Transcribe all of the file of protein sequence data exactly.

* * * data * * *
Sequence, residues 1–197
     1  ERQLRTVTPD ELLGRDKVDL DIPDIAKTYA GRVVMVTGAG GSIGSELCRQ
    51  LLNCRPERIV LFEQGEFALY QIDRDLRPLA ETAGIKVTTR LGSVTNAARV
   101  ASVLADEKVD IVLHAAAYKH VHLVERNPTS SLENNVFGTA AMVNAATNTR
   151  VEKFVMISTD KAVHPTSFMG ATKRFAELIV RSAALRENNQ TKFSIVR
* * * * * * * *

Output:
Sequence, residues 1–197
     1  ERQLRTVTPD ELLGRDKVDL DIPDIAKTYA GRVVMVTGAG GSIGSELCRQ
    51  LLNCRPERIV LFEQGEFALY QIDRDLRPLA ETAGIKVTTR LGSVTNAARV
   101  ASVLADEKVD IVLHAAAYKH VHLVERNPTS SLENNVFGTA AMVNAATNTR
   151  VEKFVMISTD KAVHPTSFMG ATKRFAELIV RSAALRENNQ TKFSIVR